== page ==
In 1996, Phoenix was one of the first restaurants to introduce dim sum to Chicago. Its customer base has grown over the years, and today, even with other dim sum restaurants up and down the block, you’ll find long lines winding out the door on any given Sunday.
Sound intimidating? It doesn't have to be.
Here's our guide to dim-sum dining, with a few tips from Eddy.
On the weekend: order dim sum off a cart
On weekends and special holidays, the wait staff winds traditional dim sum carts around tables, lifting lids off stacked steamer baskets to reveal the enticing contents. Should you see something you like, they leave the basket on your table and put a checkmark on your bill (it’s tallied at the end).
Phoenix is one of the only dim-sum restaurants in Chicago that still uses these carts. When I ask Eddy why they keep them, he says “tradition.” Not only to impress the tourists who come in, but also to let Chinese-American customers share this bit of culture with their kids.
Hot tip: if you want to experience the pushcarts without the crowds, head over on a Saturday, which tends to be less busy than Sundays, Eddy says.
On a weekday: order dim sum off the menu
Cartless weekdays offer a quiet, more peaceful atmosphere for ordering off the paper menu, which you can find near the hostess stand. Don't be intimidated—the menu has pictures; it has numbers; it has names written in both Chinese and English. And best of all, you need only point to what you want to have it brought out from the kitchen.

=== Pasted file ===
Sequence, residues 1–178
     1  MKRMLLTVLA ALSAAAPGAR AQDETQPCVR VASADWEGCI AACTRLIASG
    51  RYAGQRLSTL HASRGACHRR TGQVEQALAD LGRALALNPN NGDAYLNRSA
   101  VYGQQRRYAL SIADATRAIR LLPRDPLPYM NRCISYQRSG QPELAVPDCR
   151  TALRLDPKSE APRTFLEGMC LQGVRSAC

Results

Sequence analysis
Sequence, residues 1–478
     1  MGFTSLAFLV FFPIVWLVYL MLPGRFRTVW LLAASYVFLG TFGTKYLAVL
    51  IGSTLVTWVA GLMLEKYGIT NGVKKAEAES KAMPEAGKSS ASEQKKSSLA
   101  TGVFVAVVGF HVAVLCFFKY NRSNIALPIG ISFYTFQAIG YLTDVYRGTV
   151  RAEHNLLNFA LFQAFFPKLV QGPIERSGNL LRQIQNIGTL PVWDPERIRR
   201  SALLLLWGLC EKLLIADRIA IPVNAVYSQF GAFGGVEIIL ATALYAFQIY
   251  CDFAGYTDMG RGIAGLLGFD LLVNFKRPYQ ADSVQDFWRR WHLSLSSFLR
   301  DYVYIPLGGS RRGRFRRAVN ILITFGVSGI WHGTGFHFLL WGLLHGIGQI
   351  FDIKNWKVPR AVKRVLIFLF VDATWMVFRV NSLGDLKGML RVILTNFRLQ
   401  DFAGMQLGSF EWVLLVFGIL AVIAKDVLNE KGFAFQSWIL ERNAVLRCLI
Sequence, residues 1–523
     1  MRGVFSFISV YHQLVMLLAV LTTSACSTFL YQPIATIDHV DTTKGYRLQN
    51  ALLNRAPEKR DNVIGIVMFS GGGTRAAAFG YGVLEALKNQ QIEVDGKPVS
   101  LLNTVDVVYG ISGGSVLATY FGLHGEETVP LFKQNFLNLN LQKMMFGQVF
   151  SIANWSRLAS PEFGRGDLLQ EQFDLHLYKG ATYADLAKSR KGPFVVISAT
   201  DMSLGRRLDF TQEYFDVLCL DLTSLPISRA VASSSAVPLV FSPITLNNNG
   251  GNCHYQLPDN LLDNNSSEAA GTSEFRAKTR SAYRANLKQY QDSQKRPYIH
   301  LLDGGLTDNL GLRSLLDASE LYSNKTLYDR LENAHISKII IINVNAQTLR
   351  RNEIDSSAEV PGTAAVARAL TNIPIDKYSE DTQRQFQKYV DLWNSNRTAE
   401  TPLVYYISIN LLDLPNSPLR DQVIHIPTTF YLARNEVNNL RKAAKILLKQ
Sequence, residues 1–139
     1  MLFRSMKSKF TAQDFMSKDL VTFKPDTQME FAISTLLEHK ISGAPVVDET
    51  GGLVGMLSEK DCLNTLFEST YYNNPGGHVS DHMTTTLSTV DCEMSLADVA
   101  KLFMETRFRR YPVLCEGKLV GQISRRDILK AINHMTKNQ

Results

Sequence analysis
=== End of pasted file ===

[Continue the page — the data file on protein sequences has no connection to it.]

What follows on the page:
So what should you get?
“Everyone has their favorites,” Eddy says. The most popular dishes with Westerners are ha gao (shrimp dumplings) and siu mai (pork dumplings mentioned above). Kids gravitate toward the crunchy, easy-to-grip shrimp rolls and sweeter fare, from mango pudding (pictured above) to custard rolls.
Foreign travelers, especially those from Latin America, and adventurous eaters alike seem to love the chicken feet (pictured at bottom-right of top photo), a more exotic dish consisting of skin and tendons. While all these dishes are traditional, the chefs can tweak the recipes to accommodate for special diets or food allergies.
When diners are new to dim sum, Eddy encourages them to experiment. He’ll point out a few of the more popular dishes; if there’s something they don’t end up liking, it can easily be swapped out for something else. This way, by the second or third visit, diners will have a better idea of what they like.
And don't forget the tea
At dim sum, the tea is equally important to the food. Phoenix serves three different types: green tea, white tea, and brown tea. “Each one has its own usage,” Eddy says. While we talk, we drink jasmine tea, which is good for getting rid of toxins.